Oklahoma City Thunder center Steven Adams is truly one of the most polarizing, yet colorful characters in the NBA today. Partially due to this, it’s why we’re going to look at some Steven Adams tattoos.
Adams holds the distinction as the first New Zealander selected in the first round of the NBA draft when the Thunder took him 12th overall in 2013. The 6-foot-11 big has since made it a point to always represent his diverse culture in the biggest stage of basketball.
Adams proudly enters each game with some impressive battle ink inspired by his Maori (New Zealand) and Tongan roots.
The amazing Polynesian art covers massive portions of his upper body — particularly his entire right chest area extending to a full sleeve on his right arm.
Let’s take a closer look at the intricate designs immortalized on his body.
Steven Adams Tattoos And Their Meaning
Before rocking that glorious mound of long hair and his now trademark mustache, Adams entered the league looking like a typical clean-cut youngster. Adams only had one tattoo at the time, displaying his middle name “Funaki” on his right forearm.
Once he found his footing in the league in the next couple of years, Adams found it fitting to represent his people through art. The complex black-and-white tribal designs have been a popular choice in the tattoo scene for the last couple of years.
Cultural appropriation has been a hot topic when it comes to tribal tattoos, but that was certainly not the case for the OKC big man.
Adams, who was born and raised in the city of Rotua, New Zealand of the shores of Lake Rotua, started off with a large, well-crafted piece on his right arm. The 27-year-old center kept his “Funaki” tattoo but had it surrounded by carefully drawn tribal patterns.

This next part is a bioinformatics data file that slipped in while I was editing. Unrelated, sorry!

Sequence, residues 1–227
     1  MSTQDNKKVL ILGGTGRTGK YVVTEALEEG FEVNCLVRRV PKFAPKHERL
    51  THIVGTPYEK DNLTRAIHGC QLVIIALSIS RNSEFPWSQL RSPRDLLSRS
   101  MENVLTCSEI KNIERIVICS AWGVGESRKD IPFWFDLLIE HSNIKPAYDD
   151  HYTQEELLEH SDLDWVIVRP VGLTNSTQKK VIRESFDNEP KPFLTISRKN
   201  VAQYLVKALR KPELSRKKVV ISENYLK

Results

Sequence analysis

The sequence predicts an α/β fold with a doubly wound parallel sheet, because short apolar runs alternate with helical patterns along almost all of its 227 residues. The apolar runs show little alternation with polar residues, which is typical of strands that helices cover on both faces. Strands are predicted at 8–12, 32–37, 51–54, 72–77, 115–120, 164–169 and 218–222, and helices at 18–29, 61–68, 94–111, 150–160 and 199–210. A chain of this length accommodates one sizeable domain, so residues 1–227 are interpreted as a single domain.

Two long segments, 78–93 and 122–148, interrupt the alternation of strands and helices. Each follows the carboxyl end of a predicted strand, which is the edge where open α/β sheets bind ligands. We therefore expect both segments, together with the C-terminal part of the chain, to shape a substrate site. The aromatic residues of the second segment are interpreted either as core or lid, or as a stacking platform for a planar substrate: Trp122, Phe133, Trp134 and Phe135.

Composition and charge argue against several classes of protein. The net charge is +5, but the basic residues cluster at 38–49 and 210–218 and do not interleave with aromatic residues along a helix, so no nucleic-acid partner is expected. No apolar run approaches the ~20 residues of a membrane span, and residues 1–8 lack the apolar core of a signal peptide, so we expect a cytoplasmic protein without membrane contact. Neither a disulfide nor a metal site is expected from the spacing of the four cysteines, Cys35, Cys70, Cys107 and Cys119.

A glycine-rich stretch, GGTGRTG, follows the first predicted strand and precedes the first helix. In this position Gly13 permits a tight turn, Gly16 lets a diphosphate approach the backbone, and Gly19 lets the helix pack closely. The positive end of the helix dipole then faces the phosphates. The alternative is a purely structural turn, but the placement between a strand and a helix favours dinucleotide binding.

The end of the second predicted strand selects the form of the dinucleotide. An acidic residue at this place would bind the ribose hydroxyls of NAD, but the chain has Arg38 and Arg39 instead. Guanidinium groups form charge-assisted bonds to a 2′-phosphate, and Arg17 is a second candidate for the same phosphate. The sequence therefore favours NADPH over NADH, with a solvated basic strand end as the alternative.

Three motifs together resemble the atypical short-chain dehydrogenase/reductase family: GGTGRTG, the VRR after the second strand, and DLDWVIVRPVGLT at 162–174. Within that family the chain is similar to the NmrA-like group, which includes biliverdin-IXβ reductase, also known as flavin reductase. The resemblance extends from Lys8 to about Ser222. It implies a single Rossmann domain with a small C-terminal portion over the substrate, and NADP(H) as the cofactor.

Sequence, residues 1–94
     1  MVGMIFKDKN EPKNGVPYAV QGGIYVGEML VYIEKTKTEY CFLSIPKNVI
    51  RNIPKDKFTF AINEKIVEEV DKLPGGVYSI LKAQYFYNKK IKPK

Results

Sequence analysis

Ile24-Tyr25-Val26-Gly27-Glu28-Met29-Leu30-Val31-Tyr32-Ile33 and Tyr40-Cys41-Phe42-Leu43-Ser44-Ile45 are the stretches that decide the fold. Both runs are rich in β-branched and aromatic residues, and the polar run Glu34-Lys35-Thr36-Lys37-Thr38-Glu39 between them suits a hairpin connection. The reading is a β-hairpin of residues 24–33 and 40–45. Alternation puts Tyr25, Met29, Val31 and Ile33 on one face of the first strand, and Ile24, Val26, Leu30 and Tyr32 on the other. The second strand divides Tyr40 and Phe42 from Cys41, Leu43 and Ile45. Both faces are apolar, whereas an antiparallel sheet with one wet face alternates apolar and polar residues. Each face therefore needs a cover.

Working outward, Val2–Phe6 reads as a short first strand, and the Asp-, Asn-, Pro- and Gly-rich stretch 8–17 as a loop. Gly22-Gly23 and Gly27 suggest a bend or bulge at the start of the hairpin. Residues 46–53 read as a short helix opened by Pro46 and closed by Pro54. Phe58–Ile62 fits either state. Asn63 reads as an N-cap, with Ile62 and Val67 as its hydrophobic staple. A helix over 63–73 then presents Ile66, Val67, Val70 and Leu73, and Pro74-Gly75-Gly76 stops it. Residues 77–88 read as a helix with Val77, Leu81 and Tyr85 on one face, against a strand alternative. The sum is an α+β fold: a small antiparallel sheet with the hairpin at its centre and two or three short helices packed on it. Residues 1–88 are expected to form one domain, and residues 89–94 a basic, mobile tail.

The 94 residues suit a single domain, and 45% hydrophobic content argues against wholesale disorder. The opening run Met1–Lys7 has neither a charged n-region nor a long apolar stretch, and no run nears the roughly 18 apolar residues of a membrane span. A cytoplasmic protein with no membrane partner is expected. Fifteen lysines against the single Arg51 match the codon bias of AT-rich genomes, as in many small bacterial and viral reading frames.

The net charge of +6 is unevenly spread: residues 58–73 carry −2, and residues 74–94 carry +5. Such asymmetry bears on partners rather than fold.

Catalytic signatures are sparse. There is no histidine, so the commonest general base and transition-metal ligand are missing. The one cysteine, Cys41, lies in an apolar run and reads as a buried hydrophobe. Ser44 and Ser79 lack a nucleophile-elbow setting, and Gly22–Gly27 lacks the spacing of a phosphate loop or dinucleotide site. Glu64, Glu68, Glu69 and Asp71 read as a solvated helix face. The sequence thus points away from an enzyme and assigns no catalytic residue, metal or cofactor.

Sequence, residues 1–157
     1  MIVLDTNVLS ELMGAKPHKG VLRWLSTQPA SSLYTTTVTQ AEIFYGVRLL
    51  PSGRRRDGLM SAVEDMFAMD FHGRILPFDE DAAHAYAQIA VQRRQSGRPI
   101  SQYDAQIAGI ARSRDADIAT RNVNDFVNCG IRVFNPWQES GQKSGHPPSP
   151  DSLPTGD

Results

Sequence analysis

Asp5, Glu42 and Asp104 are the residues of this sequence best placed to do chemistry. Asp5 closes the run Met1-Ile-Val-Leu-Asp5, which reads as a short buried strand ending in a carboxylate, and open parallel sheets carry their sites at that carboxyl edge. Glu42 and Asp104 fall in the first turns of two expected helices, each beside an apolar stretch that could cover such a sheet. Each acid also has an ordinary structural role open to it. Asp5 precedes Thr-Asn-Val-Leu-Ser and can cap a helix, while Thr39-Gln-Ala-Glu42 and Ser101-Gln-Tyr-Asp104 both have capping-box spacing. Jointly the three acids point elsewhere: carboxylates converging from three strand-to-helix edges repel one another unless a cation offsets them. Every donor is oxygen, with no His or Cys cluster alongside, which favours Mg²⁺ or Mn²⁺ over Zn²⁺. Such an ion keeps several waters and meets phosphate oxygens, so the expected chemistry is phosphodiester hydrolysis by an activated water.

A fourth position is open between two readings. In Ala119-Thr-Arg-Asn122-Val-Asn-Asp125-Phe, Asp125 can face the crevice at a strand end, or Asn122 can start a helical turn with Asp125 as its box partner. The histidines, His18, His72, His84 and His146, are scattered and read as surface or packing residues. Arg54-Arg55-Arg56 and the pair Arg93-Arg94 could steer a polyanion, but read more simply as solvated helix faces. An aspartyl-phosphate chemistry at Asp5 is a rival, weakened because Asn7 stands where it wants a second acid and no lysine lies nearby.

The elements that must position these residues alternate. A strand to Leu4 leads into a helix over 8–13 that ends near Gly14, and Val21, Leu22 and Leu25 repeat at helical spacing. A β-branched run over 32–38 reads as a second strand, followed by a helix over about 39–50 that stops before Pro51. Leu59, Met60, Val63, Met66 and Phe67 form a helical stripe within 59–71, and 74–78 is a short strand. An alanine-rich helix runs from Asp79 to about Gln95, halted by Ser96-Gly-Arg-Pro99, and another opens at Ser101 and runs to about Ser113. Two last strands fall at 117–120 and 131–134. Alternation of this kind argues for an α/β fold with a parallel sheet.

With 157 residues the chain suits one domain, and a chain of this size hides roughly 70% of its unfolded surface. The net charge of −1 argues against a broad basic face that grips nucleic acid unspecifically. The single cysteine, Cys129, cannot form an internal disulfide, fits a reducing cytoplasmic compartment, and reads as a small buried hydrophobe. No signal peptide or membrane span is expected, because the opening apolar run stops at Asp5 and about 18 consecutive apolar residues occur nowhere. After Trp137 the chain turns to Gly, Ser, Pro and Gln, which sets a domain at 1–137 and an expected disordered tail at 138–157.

Thought from summer league: Steven Adams' new tattoo is LARGE. Here's the pic again if you missed it last time: pic.twitter.com/It40dv5O1M
— Boomtown Hoops (@BoomtownHoops) July 5, 2014
Steven Adams found the right artist for the job, working with Tuigamala Andy Tauafiafi who specializes in Polynesian tattoo designs.
Adams has since been coming down to Taupou Tatau, Tattoo Studio in Wellington, New Zealand each time he wishes to get inked. Considering the NBA star is indeed a mammoth of a man, Tauafiafi, revealed that it was challenging to tattoo an individual with such a large canvass.
“He sat for about eight hours, but if you can understand that his forearm is probably someone’s whole arm. I thought, ‘man, he’s a big man’ – it took double time,” the revered tattoo artist shared.
While Adams has mostly kept the meaning behind his tattoos a secret, Tauafiafi further elaborated how significant each design is for the Thunder big.
“What we did represented family, strength and protection. With any Polynesian or Maori culture, those are the main things. I guess it’s to keep him grounded and have the support with him – not in body, but in spirit,” he shared.
Adams continued to tattoo journey in the coming years, adding interconnecting designs to cover his entire arm and chest area. This is similar to that of Dwyane “The Rock” Johnson, another prominent celebrity of Polynesian descent.
The fierce design features bands, triangular shapes, and spaces, while the wave-like patterns give the look a complete island vibe.
Eagle-eyed fans on Reddit even noticed that Adams also covered up an earlier tattoo design of claw scratches on his chest — an ode to his one-and-done collegiate stint with the Pittsburg Panthers.
While the original Polynesian tattoos were a symbol for a warrior’s bravery, it certainly personifies Adams’ combatant spirit on the hardwood.